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I need to stop being such a librarian

We’ve nearly finished the first term of the new first year seminars, and I’ve worked with a whole bunch of them now, and they’ve all been totally different. Sure, they’re all required to give students practice finding, evaluating, and using information, but just as we suspected, there are lots and lots of ways to work those things into a course. Some courses have taught The Research Paper, others have concentrated on teaching students to build context for what they’re reading and hearing in class.

If there’s one thing I’ve learned, though, it’s been that I am not there to teach the students how to find, evaluate, and use information. I tried that with a couple of courses, and it failed. Miserably.

No, I’m there to do two things: to give the students a couple of skills they need right now, and to spark their imaginations about what could be possible if they decided to make a habit of this research stuff.

This clicked for me the other day when I thought about what it would look like if the college decided that all first year students have a foreign language component in their first year seminar, or a biology component, or a stats component. The guest lecturer from French or Bio or Econ would never be expected to teach French or Bio or stats in half an hour or an hour. Instead, they’d get the students interested in their fields of study by providing just enough basic knowledge to make some interesting, higher order process make sense, and then they’d concentrate on making that higher order process interesting and engaging for the rest of the half hour or hour.

You can’t inoculate students in one easy session and expect that now they know French.

Note to self: There’s no way to teach it all, anyway, so think harder about things that are both practical and imagination-sparking, and then teach those things more consistently. These students like to be intellectually engaged — that’s why they’re here — so go with that. Be a guest lecturer.

7 thoughts on “I need to stop being such a librarian

  1. This post is so dead on. It’s not the Matrix where you can download into people’s head. It’s more like a sales pitch or asking out for coffee; you want to generate enough interest that they will come back and take you up on the offer.

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  3. “It’s not the Matrix.” But man would that be cool!

    I kind of like taking bits and pieces that work from me for these metaphors, because there’s certainly something to the “put your best (most interesting) foot forward” and “make sure they have a positive experience” aspects of a sales pitch and a coffee date. And to a large extent what we’re doing is enticing them to come back for more. But I think that for me, in my ivory tower, where that breaks down is that the thing that makes the sessions compelling isn’t “look what I can do for you” but more “look at the interesting intellectual puzzles you can invent and engage with.”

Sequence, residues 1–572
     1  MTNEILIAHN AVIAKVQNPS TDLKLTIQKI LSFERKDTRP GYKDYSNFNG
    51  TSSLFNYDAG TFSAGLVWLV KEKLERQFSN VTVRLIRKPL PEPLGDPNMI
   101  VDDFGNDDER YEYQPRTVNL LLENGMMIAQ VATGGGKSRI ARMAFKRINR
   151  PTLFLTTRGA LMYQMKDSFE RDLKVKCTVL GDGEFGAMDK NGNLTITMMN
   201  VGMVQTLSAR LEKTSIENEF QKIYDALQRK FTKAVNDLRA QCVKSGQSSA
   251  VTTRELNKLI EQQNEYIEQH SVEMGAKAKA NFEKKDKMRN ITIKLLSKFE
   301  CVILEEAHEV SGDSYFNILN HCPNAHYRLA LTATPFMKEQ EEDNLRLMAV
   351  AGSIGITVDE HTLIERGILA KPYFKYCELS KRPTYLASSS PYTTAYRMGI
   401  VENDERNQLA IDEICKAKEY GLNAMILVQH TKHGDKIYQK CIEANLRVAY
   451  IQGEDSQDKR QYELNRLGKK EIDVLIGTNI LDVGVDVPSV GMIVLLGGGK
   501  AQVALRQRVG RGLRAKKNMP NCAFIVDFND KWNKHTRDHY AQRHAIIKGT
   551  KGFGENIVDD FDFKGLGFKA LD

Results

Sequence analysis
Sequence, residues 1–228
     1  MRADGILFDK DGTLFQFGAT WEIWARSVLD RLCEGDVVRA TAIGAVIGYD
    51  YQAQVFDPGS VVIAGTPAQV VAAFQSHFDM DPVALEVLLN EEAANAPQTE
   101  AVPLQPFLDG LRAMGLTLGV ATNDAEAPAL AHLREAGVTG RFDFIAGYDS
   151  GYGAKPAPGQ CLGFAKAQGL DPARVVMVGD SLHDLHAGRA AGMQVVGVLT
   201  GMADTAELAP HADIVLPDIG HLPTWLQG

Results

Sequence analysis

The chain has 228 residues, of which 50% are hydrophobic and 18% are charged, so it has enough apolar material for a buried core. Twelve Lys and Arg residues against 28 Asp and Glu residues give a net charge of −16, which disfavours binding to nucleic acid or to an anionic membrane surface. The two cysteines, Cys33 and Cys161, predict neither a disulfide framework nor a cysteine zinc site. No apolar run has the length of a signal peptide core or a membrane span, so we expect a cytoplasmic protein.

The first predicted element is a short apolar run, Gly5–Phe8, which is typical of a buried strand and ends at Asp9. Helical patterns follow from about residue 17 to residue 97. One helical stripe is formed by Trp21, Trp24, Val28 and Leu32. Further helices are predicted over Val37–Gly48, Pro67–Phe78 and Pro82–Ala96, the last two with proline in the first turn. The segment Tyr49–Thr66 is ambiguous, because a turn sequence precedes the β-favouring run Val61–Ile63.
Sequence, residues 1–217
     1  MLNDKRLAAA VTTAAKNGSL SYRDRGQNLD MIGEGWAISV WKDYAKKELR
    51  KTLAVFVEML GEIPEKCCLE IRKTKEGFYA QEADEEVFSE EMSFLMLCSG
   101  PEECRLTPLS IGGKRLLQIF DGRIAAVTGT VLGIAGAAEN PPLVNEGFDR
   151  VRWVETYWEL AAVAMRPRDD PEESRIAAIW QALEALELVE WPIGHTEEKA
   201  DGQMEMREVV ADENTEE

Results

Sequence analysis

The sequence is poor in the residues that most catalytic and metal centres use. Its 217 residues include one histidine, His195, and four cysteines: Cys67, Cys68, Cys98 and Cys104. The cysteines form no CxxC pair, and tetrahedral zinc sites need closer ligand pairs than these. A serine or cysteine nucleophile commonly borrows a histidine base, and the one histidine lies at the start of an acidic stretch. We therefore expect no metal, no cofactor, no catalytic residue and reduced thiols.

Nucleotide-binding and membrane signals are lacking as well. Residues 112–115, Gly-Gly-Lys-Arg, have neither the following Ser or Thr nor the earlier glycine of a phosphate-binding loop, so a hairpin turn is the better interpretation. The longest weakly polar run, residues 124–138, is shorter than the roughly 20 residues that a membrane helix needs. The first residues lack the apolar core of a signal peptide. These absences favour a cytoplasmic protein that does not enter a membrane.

Granted, this is where my only mentioning the one session in my post is a little over-simplified, because I think that there’s no way to accomplish this without a compelling assignment and some useful tie into the content of the course. Ideally the assignment and the session and the act of doing the research isn’t “extra” but is set up to give enriched intellectual access to the course content. So for it to work well, it’s more than just a guest lecture.

    Still, even when things aren’t set up ideally, and actually especially when things aren’t set up ideally, I’m going to try concentrating harder on the imagination-sparking aspects.

  4. This is another good reminder that less is more when it comes to instruction, but that’s always been the case with any type of learning situation. The general guideline you’ve probably heard is limit yourself to three outcomes. It also reminds me of something I heard in a presentation a few years ago. A consultant was brought in to help the instruction staff at a academic library improve the quality of instruction. The consultant went to the classes taught by each librarian. Turns out the consultant counted over 50 different things that were being taught across a similar set of instruction programs. The number one advice was to cut it down to no more than three specific learning tasks in any one session.

    What I’m trying to do more of these days is less lecture and demo (no more than 20 minutes in a 50 minute session), and more personalized assistance so that the students get 20 minutes at least of authentic practice – which is the best activity for learning anything. If you spend time doing it you will have a better chance of learning it. That does mean less time for covering evaluation or search logic development, but I try to work that in as I go around and talk to each student about their research project. The one major outcome I’m hoping for is that the personal attention I give will payoff by making the students better appreciate what librarians can do for them – and hopefully that will lead to some new relationships with us.

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